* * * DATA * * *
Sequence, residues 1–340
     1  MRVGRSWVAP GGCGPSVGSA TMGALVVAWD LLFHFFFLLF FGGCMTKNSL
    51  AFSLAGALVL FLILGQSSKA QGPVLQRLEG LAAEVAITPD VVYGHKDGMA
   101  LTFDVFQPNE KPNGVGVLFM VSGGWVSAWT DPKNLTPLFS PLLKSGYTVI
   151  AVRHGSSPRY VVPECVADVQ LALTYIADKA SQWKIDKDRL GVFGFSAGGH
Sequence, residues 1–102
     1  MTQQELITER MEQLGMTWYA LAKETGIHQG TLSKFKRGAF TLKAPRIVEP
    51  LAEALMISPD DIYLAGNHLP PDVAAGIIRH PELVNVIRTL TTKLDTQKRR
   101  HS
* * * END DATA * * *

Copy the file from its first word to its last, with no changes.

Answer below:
Sequence, residues 1–340
     1  MRVGRSWVAP GGCGPSVGSA TMGALVVAWD LLFHFFFLLF FGGCMTKNSL
    51  AFSLAGALVL FLILGQSSKA QGPVLQRLEG LAAEVAITPD VVYGHKDGMA
   101  LTFDVFQPNE KPNGVGVLFM VSGGWVSAWT DPKNLTPLFS PLLKSGYTVI
   151  AVRHGSSPRY VVPECVADVQ LALTYIADKA SQWKIDKDRL GVFGFSAGGH
Sequence, residues 1–102
     1  MTQQELITER MEQLGMTWYA LAKETGIHQG TLSKFKRGAF TLKAPRIVEP
    51  LAEALMISPD DIYLAGNHLP PDVAAGIIRH PELVNVIRTL TTKLDTQKRR
   101  HS